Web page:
The early weeks of pregnancy are fragile—and confusing. Here, the answers to your questions.
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The average newborn weighs approximately 7.5 pounds. But how many pounds will YOU weigh when you walk out of the delivery room? And how long will it take for you to get your pre-baby body back? While the timeline is different for every woman and is based on a number of factors—how much weight you gained while pregnant, whether or not you’re breastfeeding, your diet and exercise habits—there are certain weight-loss milestones you can mark on your calendar.
Women lose an average of 12 pounds almost immediately after giving birth. “You have the baby, lose blood, fluids, amniotic fluid,” says Sarah B. Krieger, MPH, RD, a spokeswoman for the Academy of Nutrition and Dietetics who does home visits with pregnant women and moms who have children up to age three. In this 24-hour period, your postpartum “pooch” is already starting to go down, she adds. In other words, a lot of that baby weight was…baby.
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You’re still “peeing out” a lot of the fluids, especially if you had an IV/epidural, Krieger says, meaning you’re still losing weight. But don’t get on a scale just yet, Krieger advises. “Focus on how your clothes fit instead of what the scale says,” she suggests.
Breastfeeding may also play a role in weight loss: While women are advised to consume an additional 500 calories a day if they are nursing, they often lose more weight after giving birth. “Women tend to lose more weight after birth if they are breastfeeding because breastfeeding consumes calories,” says Ashley Roman, MD, clinical assistant professor, Department of Obstetrics and Gynecology at NYU Langone Medical Center. But Krieger notes that this isn’t true for everyone. “Some women may lose weight quicker than others whether or not they are breastfeeding,” she says.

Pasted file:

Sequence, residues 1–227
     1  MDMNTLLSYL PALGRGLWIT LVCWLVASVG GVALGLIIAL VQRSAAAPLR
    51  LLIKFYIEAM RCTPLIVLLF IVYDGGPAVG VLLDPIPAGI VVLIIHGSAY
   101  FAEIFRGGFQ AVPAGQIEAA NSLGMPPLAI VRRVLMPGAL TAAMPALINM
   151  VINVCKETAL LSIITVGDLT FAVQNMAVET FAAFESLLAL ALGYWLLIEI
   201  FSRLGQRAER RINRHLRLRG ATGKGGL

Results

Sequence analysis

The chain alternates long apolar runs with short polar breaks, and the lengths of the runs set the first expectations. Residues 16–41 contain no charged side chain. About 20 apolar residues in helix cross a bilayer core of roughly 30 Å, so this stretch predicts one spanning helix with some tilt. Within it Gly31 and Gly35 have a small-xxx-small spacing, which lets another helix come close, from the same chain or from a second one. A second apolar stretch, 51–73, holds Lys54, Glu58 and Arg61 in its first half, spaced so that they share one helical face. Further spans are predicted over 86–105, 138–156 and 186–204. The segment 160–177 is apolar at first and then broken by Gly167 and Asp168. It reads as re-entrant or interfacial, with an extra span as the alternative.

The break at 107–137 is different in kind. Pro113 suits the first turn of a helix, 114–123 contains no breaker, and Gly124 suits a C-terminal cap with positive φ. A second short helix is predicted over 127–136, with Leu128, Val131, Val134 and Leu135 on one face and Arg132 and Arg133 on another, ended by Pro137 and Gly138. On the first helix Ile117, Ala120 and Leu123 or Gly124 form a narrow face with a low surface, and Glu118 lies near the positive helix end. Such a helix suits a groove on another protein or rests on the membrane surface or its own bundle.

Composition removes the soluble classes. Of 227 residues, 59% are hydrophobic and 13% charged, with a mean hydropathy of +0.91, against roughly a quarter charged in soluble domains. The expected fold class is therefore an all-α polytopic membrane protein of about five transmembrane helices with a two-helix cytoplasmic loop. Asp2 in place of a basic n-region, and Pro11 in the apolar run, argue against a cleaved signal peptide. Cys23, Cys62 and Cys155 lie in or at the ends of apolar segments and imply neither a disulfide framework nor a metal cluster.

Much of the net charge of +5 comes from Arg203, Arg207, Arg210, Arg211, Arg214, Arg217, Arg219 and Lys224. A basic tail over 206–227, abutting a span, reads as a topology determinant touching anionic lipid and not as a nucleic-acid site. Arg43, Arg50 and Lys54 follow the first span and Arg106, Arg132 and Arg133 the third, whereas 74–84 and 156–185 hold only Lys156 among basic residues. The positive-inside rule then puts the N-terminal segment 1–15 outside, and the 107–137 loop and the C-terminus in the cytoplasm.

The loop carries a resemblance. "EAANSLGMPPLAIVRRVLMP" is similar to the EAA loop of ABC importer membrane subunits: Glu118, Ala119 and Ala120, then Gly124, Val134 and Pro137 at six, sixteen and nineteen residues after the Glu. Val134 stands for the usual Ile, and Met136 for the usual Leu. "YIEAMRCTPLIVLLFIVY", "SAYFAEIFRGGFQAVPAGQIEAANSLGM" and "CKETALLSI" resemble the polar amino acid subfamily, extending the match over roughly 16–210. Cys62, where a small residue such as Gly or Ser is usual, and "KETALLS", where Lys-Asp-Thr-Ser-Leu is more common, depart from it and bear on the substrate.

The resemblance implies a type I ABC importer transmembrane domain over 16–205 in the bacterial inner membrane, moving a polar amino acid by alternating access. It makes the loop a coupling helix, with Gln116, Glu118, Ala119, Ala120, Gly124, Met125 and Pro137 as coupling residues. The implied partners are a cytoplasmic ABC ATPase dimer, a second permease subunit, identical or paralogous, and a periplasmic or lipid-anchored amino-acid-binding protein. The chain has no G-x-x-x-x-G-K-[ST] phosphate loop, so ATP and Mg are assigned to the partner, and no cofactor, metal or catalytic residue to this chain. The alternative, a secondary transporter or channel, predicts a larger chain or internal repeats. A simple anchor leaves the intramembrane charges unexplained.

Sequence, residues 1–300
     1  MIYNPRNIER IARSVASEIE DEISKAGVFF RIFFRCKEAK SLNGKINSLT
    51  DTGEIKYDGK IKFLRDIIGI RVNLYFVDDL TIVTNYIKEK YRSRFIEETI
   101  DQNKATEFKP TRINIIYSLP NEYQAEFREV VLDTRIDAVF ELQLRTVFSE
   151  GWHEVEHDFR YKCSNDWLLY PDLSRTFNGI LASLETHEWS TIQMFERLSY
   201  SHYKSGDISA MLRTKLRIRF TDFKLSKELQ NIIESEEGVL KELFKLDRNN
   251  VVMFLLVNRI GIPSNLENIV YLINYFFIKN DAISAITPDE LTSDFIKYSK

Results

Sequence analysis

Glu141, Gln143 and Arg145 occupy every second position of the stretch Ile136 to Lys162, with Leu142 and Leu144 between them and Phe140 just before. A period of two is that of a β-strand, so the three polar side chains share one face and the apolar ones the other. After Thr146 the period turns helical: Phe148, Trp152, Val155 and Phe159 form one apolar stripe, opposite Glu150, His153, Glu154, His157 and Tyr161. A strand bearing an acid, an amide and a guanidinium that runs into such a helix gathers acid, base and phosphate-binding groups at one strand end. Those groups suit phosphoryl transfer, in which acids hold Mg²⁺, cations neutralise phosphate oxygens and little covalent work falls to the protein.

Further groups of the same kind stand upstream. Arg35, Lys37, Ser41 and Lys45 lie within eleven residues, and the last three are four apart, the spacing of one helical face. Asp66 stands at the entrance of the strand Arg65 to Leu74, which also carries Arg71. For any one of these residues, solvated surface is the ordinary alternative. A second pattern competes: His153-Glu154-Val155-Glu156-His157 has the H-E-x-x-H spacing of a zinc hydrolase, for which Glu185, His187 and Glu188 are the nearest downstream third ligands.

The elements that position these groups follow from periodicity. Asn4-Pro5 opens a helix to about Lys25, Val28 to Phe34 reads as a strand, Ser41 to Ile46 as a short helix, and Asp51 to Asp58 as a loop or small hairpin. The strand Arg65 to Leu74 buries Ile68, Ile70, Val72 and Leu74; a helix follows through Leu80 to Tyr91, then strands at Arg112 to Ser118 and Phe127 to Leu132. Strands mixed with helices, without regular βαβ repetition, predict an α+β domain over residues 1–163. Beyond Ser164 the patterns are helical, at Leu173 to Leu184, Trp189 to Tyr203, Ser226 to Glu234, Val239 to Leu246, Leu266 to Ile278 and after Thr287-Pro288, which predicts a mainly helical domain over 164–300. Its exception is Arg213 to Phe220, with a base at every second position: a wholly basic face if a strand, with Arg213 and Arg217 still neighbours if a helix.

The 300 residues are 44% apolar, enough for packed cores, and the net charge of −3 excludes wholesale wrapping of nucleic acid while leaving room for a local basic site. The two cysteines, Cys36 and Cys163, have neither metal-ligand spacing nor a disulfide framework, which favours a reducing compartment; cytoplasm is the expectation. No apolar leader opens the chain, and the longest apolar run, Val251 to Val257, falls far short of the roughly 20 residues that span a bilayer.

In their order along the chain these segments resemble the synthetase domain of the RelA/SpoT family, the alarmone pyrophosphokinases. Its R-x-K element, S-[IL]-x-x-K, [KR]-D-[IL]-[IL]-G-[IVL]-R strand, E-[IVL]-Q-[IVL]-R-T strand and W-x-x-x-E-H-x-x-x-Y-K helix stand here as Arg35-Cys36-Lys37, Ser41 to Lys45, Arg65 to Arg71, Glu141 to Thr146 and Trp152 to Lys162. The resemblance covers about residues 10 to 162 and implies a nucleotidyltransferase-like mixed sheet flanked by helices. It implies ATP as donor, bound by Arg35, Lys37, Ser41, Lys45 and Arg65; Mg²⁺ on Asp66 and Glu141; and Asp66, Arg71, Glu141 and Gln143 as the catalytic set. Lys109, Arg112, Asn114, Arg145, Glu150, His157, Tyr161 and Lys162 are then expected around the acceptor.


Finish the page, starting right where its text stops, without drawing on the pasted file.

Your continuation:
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Krieger doesn’t think new moms should weigh themselves during the first two weeks, when you still might be establishing breastfeeding and “your hormones are starting to come down.” In other words, you’re still in that “baby blues” period where seeing an undesired number on the scale might send you straight into tears! Plus, she adds, “the number on the scale is usually not reflective of body fat, so don’t discourage yourself.” Krieger recommends measuring your waist with a measuring tape once a month to track inches instead of pounds.
It almost sounds too good to be true, but it’s common for new moms to lose as many as 20 pounds in the month after delivery, according to the American Congress of Obstetricians and Gynecologists (ACOG). Since most women are advised to gain 25-35 pounds while pregnant, one month later, you might be almost back to your pre-baby size!